We see this time and time again. A viral blog post got us excited about engineers not writing ETL—but it took dbt to standardize the practice. The value of code reviews was understood for decades—but “the cumbersome, time-consuming, and synchronous nature of this approach hindered its universal adoption” until products like Github made it more accessible. We generally agree that we should protect production systems from malformed data, and that every free-range Excel file is a time bomb waiting to go off—but we won’t create data contracts until there’s a tool that makes it easy, and we won’t get rid of Excel until another product makes it obsolete. If our goal is to improve something, like how data teams work with their stakeholders or find meaningful problems to solve, abstract ideas and new operational processes won’t carry us nearly as far as the current of our tools.
Of course, there’s still value in individual teams and companies trying to institute better operating principles and frameworks. Internally, bikeshedding about technology can serve as a convenient excuse for avoiding the sticky, uncomfortable confrontations that are often required to get anything done.9 But if we’re going to solve the foundational questions about our own usefulness as an industry, agreeing on process and patterns of organizational design is neither necessary nor sufficient. The tools we have, whether they have deep philosophical roots or are accidental successes, will overwhelm whatever thought leadership we chum the ecosystem with.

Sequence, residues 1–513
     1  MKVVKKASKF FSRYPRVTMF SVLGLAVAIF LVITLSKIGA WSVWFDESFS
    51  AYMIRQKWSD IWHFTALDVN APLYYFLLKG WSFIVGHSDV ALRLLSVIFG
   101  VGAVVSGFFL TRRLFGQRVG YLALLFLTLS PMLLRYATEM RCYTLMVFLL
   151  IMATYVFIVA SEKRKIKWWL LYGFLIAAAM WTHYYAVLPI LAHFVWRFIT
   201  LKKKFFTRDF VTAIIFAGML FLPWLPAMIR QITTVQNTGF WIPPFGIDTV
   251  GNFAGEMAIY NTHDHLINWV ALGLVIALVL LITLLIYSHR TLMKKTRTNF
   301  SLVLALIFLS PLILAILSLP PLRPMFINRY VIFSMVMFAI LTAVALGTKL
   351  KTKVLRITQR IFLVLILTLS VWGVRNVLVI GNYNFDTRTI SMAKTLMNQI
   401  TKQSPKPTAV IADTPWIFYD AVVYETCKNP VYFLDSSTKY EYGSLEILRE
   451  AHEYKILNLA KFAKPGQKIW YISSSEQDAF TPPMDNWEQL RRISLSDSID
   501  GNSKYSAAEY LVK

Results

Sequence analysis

For proof, consider how data teams manage inbound requests. This topic has been discussed since time immemorial—and, remarkably, we haven’t taken a single meaningful step forward. We’ve written blog posts. We’ve tweeted passages from those blog posts with enthusiastic stamps of millennial approval (“💯💯💯”). We’ve saved pictures of countless slides at countless conferences. And we’re stuck on the same treadmill we’ve been on for years. More conversations about processes won’t change that. Our only hope is that someone finally builds something that makes it better.10
The greenfield next door
That, in my view, is where there’s still a considerable amount of whitespace in the data market: For tools that solve non-data problems for data team. As Erik Bernhardsson said about Modal,11 which provides hosted compute infrastructure for data teams, “data is its own discipline,” with its own technical and productivity needs. Rather than shoehorning analytics organizations into products built for other purposes, what if data teams had tools that understood the nuances of their work?
Managing work requests, which often vary wildly and come to data teams through multiple channels and DMs, is just one example where existing ticketing systems like Asana and Jira don’t quite work. Alerting is another. We often need to fix broken pipelines and stalled ELT jobs, though it doesn’t always make sense to treat these outages in the same way that PagerDuty would treat a product outage.